Green Finance: The Role of US and China in Scaling Funds
Conference emphasizes potential for international collaboration
SAN FRANCISCO, December 8, 2010 - Widespread use of green technology could maintain global emissions at manageable levels by 2020 and stabilize temperature increases below 2 degrees Celsius. But in order to achieve these global goals, the level of investment in the clean tech revolution needs to be triple what it is now.
While it isn't clear where these long-term investments will come from, the US and China will certainly play leadership roles in scaling up green finance. The two economies complement each other in striking ways. The US is strong in innovation and China in pilot testing and manufacturing. The US has expertise in innovative financing while China has massive cash reserves. Coordinating efforts to scale green finance represents an opportunity that has barely been tapped to date.
These were some of the opportunities and challenges that leading financiers, businesses, and analysts from the US and China discussed at a daylong conference convened by Asia Society Northern California and the American Chamber of Commerce in Shanghai, in partnership with ChinaSF, the Bay Area Council, the US‐China Clean Energy Forum and the China‐US Energy Efficiency Alliance.
"Bringing Finance to Scale: Creative and Effective Funding Solutions in the United States" included panelists William Hsu, Vice President of Corporate Development, Clean Focus Corporation; Scott Jacobs, Associate Principal, McKinsey and Company; and Puon Penn, Senior Vice President, Head of National Cleantech and Emerging Tech Markets, Wells Fargo Bank. Former California State Controller and Westly Group Managing Director Steve Westly moderated the event.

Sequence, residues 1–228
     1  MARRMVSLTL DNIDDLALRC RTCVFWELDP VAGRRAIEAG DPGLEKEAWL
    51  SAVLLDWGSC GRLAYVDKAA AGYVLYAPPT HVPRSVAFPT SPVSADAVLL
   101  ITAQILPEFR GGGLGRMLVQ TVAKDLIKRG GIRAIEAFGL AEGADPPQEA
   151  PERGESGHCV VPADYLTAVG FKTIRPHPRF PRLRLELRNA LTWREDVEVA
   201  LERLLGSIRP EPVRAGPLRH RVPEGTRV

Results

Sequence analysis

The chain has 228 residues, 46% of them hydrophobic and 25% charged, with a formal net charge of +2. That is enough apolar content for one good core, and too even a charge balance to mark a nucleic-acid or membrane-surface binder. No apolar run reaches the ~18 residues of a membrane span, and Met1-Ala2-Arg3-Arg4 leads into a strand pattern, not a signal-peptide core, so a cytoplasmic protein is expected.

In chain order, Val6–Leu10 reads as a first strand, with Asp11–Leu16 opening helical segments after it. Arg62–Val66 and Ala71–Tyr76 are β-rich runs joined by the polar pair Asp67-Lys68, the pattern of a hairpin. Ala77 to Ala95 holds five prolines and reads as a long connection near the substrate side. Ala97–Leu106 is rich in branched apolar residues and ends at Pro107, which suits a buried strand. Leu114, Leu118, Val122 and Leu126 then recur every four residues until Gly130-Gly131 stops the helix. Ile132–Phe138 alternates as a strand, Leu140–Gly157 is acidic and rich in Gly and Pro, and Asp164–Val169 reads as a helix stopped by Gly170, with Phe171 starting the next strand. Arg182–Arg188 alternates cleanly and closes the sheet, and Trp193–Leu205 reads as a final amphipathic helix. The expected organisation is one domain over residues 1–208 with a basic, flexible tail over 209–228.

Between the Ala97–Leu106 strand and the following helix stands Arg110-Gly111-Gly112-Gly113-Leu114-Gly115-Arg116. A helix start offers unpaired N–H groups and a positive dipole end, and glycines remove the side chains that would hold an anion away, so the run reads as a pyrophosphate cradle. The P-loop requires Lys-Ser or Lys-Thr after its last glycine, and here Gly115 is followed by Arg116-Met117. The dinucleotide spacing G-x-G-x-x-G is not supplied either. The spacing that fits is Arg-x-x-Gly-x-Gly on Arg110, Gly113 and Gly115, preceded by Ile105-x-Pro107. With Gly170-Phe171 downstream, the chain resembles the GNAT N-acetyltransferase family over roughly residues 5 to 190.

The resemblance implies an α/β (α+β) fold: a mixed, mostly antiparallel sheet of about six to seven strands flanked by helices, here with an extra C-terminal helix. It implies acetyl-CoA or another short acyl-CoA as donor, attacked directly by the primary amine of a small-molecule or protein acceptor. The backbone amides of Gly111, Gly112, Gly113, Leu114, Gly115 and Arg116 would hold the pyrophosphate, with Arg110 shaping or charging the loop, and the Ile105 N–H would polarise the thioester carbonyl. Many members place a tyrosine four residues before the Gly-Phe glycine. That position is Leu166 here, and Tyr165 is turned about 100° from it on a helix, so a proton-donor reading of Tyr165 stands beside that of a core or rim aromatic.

Jacobs described the global energy system as "a fundamental economic equation" with participants competing not only from the US and China but also Korea, Japan, Israel, and the Nordic countries. The US is still seen as the strongest leader in the clean tech field despite China's significant gains. Jacobs added that while investment in energy enterprises is more acceptable now, clean tech markets suffer from uninformed investors who cause a "human capital gap."
Penn commented on the role of large US banks in clean tech investments. "Almost everyone needs to be involved," he said. Wells Fargo's strategy is to "develop long-term relationships not only with the venture capital community, but also with clean tech companies." Penn used an amusing analogy to answer questions about project finance, as seen in the video below:
Hsu described his firm, Clean Focus, as "more nimble" compared with Wells Fargo because it invests in US projects with capital from Asia for return rates considered quite low by larger investors' standards. He said companies that have a robust product and data could successfully raise capital for projects even before they are "bankable," by using reinsurance and other financial hedges.
The panelists agreed that despite the renewable energy sector's high-tech aspects, the market's capital-intensive nature means comparisons with the information technology boom are not always apt. Nonetheless, the diversity of projects needed, the sheer scale of global energy markets, and the persistent supply-demand imbalance that characterizes the industry makes clean tech an attractive investment for both small and large investors.
Reported by Nick Sternhagen, Asia Society Northern California